Phones running Microsoft’s Windows Phone 8 operating system are due to hit the market later this year. The world will be paying attention to what Nokia is going to be announcing, but let’s not forget that there are other companies who are also making Windows Phones. According to data from Nielsen, Windows Phone penetration hit 1.3% in the United States during Q2 2012. When you break things down by vendor, Nokia’s Windows Phones are in the hands of just 0.3% of smartphone owners. Meanwhile, HTC’s and Samsung’s Windows Phones both have 0.5% to call their own.
Statistics aside, what we want to know is just what sort of devices are we going to see over the coming months? According to Unwired View, one model we can look forward to is the Samsung SGH-i687. We don’t have any photos of the device, or a concrete spec sheet, but we do know, courtesy of an XML file on Samsung’s servers, that it’s going to have a screen that pushes 800 x 480 pixels. We know it’s going to run Windows Phone 8 because that XML file also says the SGH-i687 has support for IE 10, something that’s exclusive to the next version of Windows Phone.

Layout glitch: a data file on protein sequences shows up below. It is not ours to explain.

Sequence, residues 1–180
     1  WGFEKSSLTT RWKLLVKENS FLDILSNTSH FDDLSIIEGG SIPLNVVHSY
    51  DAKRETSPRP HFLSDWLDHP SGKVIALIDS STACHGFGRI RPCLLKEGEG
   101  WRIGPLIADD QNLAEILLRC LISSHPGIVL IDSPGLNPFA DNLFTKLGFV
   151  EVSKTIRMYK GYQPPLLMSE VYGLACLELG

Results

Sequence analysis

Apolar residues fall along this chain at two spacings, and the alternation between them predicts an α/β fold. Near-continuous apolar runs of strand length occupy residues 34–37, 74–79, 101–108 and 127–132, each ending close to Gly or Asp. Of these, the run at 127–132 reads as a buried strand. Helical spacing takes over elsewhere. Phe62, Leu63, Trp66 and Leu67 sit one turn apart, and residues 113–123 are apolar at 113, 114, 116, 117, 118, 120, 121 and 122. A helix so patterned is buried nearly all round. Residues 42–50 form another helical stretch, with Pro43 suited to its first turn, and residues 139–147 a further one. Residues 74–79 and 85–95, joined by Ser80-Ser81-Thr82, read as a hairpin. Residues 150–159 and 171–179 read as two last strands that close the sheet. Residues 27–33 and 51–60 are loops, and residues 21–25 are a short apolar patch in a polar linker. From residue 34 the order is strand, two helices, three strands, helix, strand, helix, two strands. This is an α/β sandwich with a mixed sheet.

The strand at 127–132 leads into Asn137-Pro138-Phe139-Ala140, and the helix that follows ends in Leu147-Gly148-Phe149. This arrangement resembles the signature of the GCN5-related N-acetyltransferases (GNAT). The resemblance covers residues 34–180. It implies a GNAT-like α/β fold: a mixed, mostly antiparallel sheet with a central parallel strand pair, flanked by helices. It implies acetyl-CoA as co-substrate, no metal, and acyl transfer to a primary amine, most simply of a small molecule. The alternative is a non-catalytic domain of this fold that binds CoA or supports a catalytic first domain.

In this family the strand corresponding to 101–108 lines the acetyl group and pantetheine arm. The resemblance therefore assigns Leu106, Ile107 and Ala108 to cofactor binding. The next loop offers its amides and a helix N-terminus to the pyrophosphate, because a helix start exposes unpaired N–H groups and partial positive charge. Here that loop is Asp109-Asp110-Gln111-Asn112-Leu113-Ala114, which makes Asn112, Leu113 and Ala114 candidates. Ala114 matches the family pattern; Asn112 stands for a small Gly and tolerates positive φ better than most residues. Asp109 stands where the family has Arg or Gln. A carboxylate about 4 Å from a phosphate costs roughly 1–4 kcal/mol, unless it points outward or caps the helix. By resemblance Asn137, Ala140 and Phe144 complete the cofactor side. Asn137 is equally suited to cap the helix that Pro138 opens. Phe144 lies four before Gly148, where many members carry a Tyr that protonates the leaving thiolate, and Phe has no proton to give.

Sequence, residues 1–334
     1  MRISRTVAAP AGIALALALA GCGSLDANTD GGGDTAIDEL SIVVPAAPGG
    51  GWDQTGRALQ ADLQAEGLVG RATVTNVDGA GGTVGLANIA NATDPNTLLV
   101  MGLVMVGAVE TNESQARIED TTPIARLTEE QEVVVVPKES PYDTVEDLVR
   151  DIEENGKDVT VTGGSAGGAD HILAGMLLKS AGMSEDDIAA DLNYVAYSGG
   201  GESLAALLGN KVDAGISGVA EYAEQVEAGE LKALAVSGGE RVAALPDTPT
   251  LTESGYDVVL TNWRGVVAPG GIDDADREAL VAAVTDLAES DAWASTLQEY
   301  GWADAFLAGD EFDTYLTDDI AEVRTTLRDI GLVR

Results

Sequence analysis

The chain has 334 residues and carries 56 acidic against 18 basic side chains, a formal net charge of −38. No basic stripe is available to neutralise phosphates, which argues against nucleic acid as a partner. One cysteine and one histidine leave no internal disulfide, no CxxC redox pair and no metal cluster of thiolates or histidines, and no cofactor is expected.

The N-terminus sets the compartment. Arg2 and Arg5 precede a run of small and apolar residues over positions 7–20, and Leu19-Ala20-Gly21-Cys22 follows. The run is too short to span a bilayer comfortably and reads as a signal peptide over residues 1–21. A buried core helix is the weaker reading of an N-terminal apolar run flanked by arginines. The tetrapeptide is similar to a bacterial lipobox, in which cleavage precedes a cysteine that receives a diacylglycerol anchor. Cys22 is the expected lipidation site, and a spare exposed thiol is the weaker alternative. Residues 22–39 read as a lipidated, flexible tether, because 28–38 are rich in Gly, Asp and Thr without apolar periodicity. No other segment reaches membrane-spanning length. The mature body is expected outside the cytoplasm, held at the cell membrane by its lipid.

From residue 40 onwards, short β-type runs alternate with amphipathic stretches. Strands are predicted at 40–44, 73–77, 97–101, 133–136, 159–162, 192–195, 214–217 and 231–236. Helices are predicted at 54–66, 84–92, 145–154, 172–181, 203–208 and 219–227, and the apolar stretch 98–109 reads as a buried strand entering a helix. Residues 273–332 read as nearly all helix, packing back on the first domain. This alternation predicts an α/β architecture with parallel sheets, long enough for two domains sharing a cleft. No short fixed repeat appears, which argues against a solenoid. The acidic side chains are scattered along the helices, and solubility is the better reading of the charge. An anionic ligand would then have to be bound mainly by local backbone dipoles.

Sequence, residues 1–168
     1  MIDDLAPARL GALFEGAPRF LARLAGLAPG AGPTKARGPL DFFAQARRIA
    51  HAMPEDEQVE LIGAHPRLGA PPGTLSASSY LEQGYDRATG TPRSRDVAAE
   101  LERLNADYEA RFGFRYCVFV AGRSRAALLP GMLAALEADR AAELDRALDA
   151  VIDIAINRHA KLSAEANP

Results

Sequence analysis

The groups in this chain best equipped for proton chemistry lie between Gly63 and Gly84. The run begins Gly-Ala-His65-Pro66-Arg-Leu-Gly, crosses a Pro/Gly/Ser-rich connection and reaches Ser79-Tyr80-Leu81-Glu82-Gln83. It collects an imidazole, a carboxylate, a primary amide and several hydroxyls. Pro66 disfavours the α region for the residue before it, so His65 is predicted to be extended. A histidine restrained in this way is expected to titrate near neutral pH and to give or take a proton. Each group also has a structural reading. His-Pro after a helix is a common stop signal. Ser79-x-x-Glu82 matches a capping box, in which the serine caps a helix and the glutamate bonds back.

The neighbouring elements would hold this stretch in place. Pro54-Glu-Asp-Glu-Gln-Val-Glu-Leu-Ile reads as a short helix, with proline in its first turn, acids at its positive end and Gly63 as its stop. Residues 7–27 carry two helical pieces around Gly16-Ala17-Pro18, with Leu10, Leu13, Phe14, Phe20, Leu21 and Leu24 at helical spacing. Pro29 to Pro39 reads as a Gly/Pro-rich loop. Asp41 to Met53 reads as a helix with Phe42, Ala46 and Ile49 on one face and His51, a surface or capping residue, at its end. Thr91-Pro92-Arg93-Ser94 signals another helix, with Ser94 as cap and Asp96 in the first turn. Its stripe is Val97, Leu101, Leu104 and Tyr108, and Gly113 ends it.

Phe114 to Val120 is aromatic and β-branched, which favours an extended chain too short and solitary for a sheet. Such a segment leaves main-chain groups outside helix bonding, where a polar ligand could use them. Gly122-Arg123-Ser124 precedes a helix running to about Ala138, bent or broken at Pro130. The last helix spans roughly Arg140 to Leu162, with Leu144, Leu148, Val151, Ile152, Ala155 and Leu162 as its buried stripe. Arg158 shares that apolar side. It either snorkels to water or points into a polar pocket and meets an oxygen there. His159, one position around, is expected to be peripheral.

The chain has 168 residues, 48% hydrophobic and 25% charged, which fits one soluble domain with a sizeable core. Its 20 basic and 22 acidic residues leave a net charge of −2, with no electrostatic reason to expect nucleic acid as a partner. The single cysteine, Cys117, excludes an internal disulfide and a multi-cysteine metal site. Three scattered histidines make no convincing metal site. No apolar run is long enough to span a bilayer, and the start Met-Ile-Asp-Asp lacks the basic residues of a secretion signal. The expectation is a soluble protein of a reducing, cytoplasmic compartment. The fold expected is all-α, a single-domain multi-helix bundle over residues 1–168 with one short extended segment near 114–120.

Does this mean Samsung isn’t going to make a 720p enabled Windows Phone? No, but considering that Samsung is having trouble making enough components to feed demand for the Galaxy S III, what makes you think they’ll let any of their precious HD screens go towards a device running a smartphone OS that the market has rejected? Also, Samsung could very well be positioning the SGH-i687 as a budget Windows Phone. We can only speculate at this point.
Why is screen resolution so important? Two reasons. One, screens are typically the most expensive component inside a smartphone. Making use of a lower resolution panel allows significant cost savings. And two, if you’re going to buy a device that you’re going to be looking at from the second you wake up to the final minutes before you go to sleep, you want everything to look nice and sharp.